(HealthDay News) — Certain nonpharmacologic treatments are effective in pediatric abdominal pain-related functional gastrointestinal disorders (AP-FGIDs), according to a review published online Feb. 9 in Pediatrics.
Juliette M.T.M. Rutten, M.D., from Emma’s Children’s Hospital in Amsterdam, and colleagues conducted a systematic review of the literature relating to nonpharmacologic interventions for pediatric AP-FGIDs. Data were included from 24 randomized controlled trials that included 1,390 children.
The researchers observed significant improvement of abdominal pain after hypnotherapy versus standard care/wait list approaches and after cognitive behavioral therapy versus control/wait list approaches. At the six-month follow-up only, written self-disclosure improved pain frequency. Significantly more treatment responders were seen with Lactobacillus rhamnosus GG (LGG) and VSL#3 versus placebo (LGG relative risk, 1.31; VSL#3 P < 0.05). Irritable bowel syndrome symptom frequency was significantly improved with guar gum but there was no effect seen for other fiber supplements or a lactose-free diet. Compared with a wait-list approach, yoga was not associated with a significant decrease in functional disability. There were no reports of serious adverse events. Evidence quality was found to be very low to moderate.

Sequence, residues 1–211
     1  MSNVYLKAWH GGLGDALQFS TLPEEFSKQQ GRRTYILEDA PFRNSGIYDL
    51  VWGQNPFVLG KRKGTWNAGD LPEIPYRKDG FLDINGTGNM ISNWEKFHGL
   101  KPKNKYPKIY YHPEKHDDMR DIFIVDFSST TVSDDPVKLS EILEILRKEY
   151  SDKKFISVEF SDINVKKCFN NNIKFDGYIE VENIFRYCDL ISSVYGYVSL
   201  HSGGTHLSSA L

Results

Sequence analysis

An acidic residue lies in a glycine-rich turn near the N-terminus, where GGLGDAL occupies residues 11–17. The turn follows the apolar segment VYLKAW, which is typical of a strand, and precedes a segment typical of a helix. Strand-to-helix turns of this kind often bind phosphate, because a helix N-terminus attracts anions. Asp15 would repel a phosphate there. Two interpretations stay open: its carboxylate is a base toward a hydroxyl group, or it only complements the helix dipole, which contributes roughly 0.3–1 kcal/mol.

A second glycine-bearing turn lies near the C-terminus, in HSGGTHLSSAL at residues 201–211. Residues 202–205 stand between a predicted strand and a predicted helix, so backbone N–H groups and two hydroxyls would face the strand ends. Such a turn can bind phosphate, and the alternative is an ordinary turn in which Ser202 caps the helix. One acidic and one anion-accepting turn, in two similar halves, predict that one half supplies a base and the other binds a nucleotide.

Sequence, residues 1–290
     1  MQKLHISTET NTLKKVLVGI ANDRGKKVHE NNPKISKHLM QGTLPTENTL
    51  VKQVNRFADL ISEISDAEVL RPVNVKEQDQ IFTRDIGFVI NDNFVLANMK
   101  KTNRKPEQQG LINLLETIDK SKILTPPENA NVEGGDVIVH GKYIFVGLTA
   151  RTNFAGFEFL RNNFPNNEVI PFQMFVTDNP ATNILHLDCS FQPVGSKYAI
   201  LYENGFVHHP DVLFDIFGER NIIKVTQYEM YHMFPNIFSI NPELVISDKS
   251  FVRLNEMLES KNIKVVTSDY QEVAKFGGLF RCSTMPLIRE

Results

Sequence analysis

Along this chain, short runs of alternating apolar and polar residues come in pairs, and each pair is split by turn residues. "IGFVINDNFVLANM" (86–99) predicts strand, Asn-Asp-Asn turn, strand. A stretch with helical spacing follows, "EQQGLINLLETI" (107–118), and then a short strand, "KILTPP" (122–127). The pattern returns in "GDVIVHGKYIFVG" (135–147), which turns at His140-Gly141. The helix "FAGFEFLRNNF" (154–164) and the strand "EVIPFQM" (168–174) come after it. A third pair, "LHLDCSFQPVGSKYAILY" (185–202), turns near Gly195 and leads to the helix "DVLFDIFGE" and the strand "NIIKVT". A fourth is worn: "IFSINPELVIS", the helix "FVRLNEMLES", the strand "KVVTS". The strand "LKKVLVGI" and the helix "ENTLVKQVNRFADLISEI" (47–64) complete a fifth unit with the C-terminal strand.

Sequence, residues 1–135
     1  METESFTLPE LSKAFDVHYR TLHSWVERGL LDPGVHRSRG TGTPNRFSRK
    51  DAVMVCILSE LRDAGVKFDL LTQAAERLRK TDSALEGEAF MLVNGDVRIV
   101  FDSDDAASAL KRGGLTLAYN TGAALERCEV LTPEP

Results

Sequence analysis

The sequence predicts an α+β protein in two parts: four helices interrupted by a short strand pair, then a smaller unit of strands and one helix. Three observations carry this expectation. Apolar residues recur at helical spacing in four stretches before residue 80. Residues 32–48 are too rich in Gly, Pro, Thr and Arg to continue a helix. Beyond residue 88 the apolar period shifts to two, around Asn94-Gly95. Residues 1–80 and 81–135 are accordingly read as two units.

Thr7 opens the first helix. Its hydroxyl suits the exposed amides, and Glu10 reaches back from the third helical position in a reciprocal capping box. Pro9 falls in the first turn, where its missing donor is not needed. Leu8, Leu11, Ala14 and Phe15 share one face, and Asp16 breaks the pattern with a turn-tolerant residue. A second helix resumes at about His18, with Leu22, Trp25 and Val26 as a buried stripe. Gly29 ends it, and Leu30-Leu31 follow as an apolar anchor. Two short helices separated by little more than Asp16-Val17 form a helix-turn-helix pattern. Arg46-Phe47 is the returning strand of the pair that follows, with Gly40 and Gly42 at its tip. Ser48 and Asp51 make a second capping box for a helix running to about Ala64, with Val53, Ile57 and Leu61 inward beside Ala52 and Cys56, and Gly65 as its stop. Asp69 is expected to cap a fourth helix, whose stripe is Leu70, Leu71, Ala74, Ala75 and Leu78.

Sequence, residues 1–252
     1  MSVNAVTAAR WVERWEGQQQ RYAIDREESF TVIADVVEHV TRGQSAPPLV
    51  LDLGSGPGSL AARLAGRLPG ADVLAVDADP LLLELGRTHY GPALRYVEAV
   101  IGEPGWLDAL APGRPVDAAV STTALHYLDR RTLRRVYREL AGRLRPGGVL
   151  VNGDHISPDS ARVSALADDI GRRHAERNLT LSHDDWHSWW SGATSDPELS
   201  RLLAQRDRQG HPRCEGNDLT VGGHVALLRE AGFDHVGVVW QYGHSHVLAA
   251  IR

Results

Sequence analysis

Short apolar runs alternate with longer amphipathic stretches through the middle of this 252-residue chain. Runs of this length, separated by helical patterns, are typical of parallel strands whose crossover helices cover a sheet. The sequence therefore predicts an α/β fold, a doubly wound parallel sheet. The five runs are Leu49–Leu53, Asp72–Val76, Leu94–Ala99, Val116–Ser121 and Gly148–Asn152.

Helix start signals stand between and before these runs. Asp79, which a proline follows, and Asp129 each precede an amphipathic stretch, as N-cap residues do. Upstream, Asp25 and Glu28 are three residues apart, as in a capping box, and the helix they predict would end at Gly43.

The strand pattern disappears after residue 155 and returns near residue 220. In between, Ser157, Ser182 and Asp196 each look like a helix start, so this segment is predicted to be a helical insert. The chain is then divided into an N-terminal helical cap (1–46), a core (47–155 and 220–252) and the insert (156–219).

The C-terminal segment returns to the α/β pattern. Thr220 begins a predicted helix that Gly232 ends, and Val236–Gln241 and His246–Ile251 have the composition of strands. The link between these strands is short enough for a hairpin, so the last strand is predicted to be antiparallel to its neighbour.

“Although high-quality studies are lacking, some evidence shows efficacy of hypnotherapy, cognitive behavioral therapy, and probiotics (LGG and VSL#3) in pediatric AP-FGIDs,” the authors write.